White House Press Secretary Jen Psaki made quite the fib in a press briefing, claiming that “no economist out there is projecting that this will have a negative impact on inflation.” Of course, Psaki is referring to President Joe Biden’s $1.75 trillion climate change and social policy Build Back Better Act (BBBA). The Congressional Budget Office (CBO) recently confirmed that the public policy will face a $367 billion shortfall and could add $2.5 trillion to the debt if many of the sunset provisions are extended by future sessions of Congress.
Psaki also claimed that the BBBA would alleviate inflation pressures, despite arguing that inflation was not on the horizon earlier this year. But her main point was that “no economist” had questioned the inflationary effects of the Democrats’ piece of legislation. Is this even accurate?
Phooey. Indeed, several well-known economists are ringing the inflation alarm bells. Steven Hanke, the eminent professor of applied economics at John Hopkins University, told RealClearPolitics that “they’re all wrong,” adding that inflation is soaring because “the money supply which has increased by over 35% since COVID, an unprecedented explosion since World War II.”
Mark Zandi at Moody’s Analytics, Douglas Holtz-Eakin of the American Action Forum (AAF), and Harvard University professor Doug Elmendorf – all senior economists – agreed that BBBA will push up inflation in 2022. But there was some disagreement of the amount of inflation that it would trigger. “We may get some growth,” Holtz-Eakin averred. “But we don’t avoid some additional pressure on inflation.”
As Liberty Nation noted, one of the chief problems with the initiative is that a considerable portion of the $1.75 trillion spending blitzkrieg is front-loaded. This means that around 40% of the expenditures will be pumped into the economy. While this might stimulate the gross domestic product and potentially create jobs, it will certainly add to inflation woes. Plus, considering that the measure will be short by hundreds of billions of dollars, the money will need to be printed or borrowed.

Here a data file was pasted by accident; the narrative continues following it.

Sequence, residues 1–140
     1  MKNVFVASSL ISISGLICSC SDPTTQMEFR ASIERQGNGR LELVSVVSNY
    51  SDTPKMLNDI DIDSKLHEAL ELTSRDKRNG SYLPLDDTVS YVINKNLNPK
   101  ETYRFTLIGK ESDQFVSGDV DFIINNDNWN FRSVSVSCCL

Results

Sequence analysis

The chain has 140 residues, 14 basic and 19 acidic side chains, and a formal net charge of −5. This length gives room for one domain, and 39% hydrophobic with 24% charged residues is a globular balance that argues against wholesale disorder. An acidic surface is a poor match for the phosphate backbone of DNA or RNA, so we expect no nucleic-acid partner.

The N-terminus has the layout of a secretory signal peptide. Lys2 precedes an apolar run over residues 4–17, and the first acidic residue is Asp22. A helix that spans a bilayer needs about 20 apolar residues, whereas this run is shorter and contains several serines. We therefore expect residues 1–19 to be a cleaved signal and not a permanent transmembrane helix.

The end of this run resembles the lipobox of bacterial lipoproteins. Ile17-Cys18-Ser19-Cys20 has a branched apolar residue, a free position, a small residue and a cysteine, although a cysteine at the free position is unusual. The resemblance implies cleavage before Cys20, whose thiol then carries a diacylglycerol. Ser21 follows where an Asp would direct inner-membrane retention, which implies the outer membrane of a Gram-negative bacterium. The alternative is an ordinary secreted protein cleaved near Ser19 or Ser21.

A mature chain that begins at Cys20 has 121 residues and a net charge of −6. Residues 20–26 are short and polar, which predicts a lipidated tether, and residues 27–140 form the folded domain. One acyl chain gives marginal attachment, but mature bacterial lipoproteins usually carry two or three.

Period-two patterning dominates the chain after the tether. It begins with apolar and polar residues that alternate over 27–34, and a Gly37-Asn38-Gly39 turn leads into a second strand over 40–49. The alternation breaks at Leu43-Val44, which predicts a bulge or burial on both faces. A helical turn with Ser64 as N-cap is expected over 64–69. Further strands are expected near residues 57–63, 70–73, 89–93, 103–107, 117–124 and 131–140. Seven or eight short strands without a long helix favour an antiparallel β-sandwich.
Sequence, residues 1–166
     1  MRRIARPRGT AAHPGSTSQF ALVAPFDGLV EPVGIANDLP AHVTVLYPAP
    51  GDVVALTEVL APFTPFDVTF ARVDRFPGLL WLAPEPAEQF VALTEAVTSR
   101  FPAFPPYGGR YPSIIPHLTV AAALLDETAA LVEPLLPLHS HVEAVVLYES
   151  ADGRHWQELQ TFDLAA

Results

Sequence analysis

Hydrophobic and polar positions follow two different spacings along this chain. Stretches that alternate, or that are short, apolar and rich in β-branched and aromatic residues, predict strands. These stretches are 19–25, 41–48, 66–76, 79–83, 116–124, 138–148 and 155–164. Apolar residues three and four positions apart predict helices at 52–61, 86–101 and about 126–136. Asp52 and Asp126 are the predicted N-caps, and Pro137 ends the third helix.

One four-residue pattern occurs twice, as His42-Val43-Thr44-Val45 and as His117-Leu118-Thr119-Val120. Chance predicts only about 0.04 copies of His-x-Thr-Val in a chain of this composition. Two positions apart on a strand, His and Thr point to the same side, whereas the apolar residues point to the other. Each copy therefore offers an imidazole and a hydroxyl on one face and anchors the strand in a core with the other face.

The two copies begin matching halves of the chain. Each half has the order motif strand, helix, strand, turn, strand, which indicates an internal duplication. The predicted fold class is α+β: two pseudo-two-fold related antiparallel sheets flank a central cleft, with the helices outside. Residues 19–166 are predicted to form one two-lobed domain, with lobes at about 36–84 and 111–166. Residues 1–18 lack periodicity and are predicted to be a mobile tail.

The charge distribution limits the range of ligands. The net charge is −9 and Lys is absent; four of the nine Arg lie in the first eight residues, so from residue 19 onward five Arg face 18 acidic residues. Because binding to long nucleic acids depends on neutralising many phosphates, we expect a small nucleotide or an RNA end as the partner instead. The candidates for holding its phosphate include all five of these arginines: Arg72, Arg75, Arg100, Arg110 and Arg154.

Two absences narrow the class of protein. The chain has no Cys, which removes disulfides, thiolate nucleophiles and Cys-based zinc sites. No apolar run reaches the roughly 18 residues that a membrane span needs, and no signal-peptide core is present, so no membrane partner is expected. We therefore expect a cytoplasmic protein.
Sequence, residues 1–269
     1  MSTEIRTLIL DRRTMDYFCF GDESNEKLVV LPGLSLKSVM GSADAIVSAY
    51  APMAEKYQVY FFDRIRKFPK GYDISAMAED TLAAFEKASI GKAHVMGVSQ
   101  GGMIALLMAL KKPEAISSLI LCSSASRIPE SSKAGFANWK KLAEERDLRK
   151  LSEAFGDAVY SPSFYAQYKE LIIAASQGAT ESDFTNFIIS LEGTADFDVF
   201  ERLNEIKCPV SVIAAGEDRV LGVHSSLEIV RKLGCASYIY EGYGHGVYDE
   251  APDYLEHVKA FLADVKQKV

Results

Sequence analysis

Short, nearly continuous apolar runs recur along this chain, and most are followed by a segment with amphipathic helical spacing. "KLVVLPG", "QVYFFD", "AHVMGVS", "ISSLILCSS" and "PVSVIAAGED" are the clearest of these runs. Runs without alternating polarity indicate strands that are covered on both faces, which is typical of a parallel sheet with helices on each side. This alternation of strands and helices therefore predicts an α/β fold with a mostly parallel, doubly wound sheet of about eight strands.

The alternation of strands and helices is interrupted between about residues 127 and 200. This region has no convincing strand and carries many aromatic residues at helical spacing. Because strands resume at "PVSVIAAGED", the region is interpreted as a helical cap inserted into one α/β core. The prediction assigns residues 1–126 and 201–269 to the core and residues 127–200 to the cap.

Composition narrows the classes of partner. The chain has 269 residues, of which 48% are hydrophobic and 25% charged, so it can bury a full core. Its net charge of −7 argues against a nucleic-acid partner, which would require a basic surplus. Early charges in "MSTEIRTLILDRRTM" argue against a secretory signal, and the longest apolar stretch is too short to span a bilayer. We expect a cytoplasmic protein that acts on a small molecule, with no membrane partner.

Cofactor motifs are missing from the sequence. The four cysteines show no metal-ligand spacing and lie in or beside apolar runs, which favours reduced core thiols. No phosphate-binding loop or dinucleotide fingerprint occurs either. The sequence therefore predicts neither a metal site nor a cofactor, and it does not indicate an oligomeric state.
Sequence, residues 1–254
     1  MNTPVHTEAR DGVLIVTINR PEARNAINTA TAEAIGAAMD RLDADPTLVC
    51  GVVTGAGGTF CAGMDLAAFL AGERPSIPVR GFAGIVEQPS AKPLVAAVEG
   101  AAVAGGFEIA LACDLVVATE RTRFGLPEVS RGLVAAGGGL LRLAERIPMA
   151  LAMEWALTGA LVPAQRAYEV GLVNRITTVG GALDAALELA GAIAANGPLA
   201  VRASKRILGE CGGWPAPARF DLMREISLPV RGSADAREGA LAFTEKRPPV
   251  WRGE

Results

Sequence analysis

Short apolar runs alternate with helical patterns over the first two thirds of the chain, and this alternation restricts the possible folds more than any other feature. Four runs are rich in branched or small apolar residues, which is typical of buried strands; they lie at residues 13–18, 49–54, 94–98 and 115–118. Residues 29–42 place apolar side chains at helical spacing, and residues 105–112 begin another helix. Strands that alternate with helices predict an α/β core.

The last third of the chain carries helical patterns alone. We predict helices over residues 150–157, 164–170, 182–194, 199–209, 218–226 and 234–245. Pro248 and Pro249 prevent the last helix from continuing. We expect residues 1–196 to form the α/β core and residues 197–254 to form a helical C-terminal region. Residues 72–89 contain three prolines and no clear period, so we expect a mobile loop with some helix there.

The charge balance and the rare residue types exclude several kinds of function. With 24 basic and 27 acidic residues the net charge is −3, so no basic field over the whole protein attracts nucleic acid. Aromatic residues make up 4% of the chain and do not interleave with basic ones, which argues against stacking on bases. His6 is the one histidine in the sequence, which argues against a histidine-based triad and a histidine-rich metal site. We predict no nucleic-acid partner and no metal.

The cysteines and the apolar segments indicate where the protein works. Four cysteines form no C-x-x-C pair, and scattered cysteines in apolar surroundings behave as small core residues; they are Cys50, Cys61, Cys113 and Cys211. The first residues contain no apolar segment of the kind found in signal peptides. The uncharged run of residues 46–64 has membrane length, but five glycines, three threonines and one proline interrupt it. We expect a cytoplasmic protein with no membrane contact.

Hillary Clinton: Crypto Could Destabilize the World
Hillary Clinton, the former Secretary of State and destroyer of worlds who will never become president, has offered her take on cryptocurrencies, proving that she remains the statist of all statists.
Speaking at the Bloomberg New Economy Forum in Singapore on Nov. 19, the two-time presidential candidate complained crypto has the power to destroy countries and threaten the U.S. dollar’s international reserve currency status. She believes that “asymmetric power centers” buoyed by technology could sabotage governments by facilitating “disinformation, artificial intelligence, and the rise of cryptocurrency.”
“One more area that I hope nation-states start paying greater attention to is the rise of cryptocurrency – because what looks like a very interesting and somewhat exotic effort to literally mine new coins in order to trade with them has the potential for undermining currencies, for undermining the role of the dollar as the reserve currency, for destabilizing nations, perhaps starting with small ones but going much larger.”
Wait a minute. Is Clinton suggesting this is a bad thing? This is likely her intention, but there is nothing necessarily wrong with blockchains, crypto, and smart contracts bringing the global establishment to its knees, although this is quite unlikely to occur. Still, it is surprising that Clinton did not blame Bitcoin for shattering her White House dreams.
Turkey Comes to a Boil as Lira Crashes Again
The Turkish lira cratered to fresh record lows against the U.S. dollar and the euro this week. The lira, one of the worst-performing currencies in the global foreign exchange markets, is on the cusp of annihilation as the USD/TRY and EUR/TRY currency pairs advanced 13%: 11.3208 and 12.8232, respectively.
Investors sold the lira on the central bank slashing interest rates in the middle of an inflationary crisis. Policymakers cut the benchmark one-week repo auction rate by 100 basis points to 15%. The overnight borrowing rate was reduced to 13.5%, while the overnight lending rate was lowered to 16.5%. A 300-basis-point U-turn to the good old days of spring 2021 will not happen.
This comes as Turkey’s annual inflation rate surged to nearly 20% and the producer price index (PPI) topped 46%. Ankara’s only ray of hope is that forex reserves have been recovering, staying above $80 billion for eight consecutive weeks. But does this matter when a currency crisis intensifies?
President Recep Tayyip Erdogan’s unorthodox monetary policy will remain intact, defending the strategy as a means to support the population that has been “crushed by interest rates.” He told lawmakers in parliament that “I cannot and will not stand on this path with those who defend interest rates.” However, market analysts warn that easing policy and currency dilution would seriously damage the Turkish economy.
~ Read more from Andrew Moran.